AG1478; erlotinib (EGFR inhibitor, effective dose: 100 nmol/l, MedChem Express, USA). CTHRC1 recombinant protein (rCTHRC1) was obtained as a gift from Shanghai Cancer Institute.

Statistical analysis

The data were analyzed as the mean ± standard deviation (SD). Statistical analyses were conducted using SPSS 14.0 software (SPSS Inc). We performed Pearson's test in cross tables to assess the relationships between expression levels of CTHRC1 and clinicopathological factors. Overall survival (OS) was calculated using Kaplan-Meier method. Student's t-test has been performed for calculating statistical significance between groups. Difference in P-value <0.05 is referred to as statistically significant. All statistical tests were two-sided.


CTHRC1 protein expression level is excessively elevated in epithelial ovarian cancer tissues

We performed an immunohistochemical (IHC) analysis of a tissue microarray that contained 83 epithelial ovarian cancer (EOC) tissue samples and 18 normal ovarian tissues. As shown in Fig. 1, the result showed strong CTHRC1 staining was detected in the majority of EOC samples (55.4%, 46/83) while rarely detected in the normal ovarian tissues (11.1%, 2/18). CTHRC1 was detected both as intracellular and extracellular expression of the ovarian cancer cell as marked by arrowhead and arrow in the images. Using the Kaplan-Meier analysis, we found that patients with higher expression of CTHRC1 were significantly associated with shorter overall survival (Fig. 2).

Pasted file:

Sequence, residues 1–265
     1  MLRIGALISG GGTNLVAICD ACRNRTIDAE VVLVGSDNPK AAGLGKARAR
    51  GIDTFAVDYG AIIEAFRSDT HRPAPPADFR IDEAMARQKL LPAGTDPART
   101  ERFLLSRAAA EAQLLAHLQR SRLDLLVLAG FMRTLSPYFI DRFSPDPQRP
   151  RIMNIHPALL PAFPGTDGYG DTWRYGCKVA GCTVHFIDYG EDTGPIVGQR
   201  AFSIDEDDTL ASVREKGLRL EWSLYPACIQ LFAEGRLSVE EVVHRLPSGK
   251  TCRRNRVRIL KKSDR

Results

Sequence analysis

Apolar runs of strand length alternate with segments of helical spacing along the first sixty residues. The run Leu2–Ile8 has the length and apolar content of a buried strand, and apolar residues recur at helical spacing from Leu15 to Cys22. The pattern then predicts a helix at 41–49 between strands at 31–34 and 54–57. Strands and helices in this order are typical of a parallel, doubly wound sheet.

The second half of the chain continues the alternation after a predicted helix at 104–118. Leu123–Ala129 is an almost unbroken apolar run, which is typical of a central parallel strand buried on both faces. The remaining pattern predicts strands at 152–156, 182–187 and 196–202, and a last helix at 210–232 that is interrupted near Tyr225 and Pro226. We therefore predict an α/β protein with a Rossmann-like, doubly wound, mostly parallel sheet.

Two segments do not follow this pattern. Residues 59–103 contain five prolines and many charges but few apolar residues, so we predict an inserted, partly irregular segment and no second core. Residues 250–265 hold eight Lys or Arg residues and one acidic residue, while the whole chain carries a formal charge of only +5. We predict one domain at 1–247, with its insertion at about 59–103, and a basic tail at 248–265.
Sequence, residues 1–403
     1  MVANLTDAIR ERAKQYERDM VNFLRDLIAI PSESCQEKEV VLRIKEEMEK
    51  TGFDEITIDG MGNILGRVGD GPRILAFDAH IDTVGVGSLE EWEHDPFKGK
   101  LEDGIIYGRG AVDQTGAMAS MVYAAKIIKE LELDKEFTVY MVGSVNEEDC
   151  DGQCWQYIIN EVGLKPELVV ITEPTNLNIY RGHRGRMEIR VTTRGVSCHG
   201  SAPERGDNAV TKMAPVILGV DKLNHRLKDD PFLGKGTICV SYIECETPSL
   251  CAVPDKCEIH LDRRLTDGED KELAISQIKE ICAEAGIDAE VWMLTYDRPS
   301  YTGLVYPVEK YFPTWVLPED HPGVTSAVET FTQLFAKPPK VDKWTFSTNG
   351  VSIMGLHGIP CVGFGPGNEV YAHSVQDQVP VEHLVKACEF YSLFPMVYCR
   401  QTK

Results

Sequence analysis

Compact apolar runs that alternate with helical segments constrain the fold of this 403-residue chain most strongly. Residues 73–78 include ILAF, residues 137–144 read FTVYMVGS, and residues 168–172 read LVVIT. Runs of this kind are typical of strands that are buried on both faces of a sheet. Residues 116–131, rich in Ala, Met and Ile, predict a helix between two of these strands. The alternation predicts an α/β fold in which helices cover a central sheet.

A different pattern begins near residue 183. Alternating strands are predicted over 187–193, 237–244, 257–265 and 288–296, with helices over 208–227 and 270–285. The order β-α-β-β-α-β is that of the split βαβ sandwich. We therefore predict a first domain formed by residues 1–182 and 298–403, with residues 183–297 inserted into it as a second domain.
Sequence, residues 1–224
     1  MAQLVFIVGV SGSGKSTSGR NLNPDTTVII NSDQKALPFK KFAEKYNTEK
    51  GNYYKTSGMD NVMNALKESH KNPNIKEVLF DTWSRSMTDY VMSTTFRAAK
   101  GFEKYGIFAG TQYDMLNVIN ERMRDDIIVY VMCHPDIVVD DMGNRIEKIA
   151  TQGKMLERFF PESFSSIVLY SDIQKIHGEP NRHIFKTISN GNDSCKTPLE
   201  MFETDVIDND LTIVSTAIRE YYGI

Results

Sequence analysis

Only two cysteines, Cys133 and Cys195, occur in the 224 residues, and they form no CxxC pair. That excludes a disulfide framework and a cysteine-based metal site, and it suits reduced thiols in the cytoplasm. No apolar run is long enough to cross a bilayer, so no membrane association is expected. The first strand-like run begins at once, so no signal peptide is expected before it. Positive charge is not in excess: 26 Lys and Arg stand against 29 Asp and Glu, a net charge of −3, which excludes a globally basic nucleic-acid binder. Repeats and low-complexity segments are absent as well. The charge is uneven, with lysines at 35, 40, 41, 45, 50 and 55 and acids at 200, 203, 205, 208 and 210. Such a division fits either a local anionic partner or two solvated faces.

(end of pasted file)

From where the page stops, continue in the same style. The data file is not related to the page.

We further analyzed the relevance of CTHRC1 expression with patient clinicopathological parameters and found that high expression of CTHRC1 was closely related with adverse clinicopathological parameters of EOC, including FIGO stage, lymph node status and tumor size. No correlation with histologic subgroups of epithelian ovarian cancer was found (Table I).

Table I.

Correlation between CTHRC1 expression and clinicopathologic parameters in 83 ovarian cancer patients.

Table I.

Correlation between CTHRC1 expression and clinicopathologic parameters in 83 ovarian cancer patients.


ParametersTotalScore <2, n (%)Score ≥2, n (%)P-value
Ovarian cancer group8338 (45.6)46 (55.4)0.000a
Control group1816 (88.9)  2 (11.1)
Histologic subgroups
  Serous6012 (20.0)48 (80.0)0.104
  Endometrioid11  5 (45.4)  6 (54.6)
  Clear cell12  3 (25.0)  9 (75.0)
FIGO stage
  I–II3917 (43.6)22 (56.4) 0.000a
  III–IV44  3 (6.8)41 (93.2)
Lymph node status
  Negative2310 (43.4)13 (56.6) 0.000a
  Positive60  7 (11.6)51 (89.4)
Tumor size (cm)
  <23215 (46.8)16 (53.2) 0.000a
  ≥25111 (21.5)40 (78.6)

{ label (or @symbol) needed for fn[@id='tfn1-or-36-06-3588'] } Statistical analyses were performed by Pearson χ2 test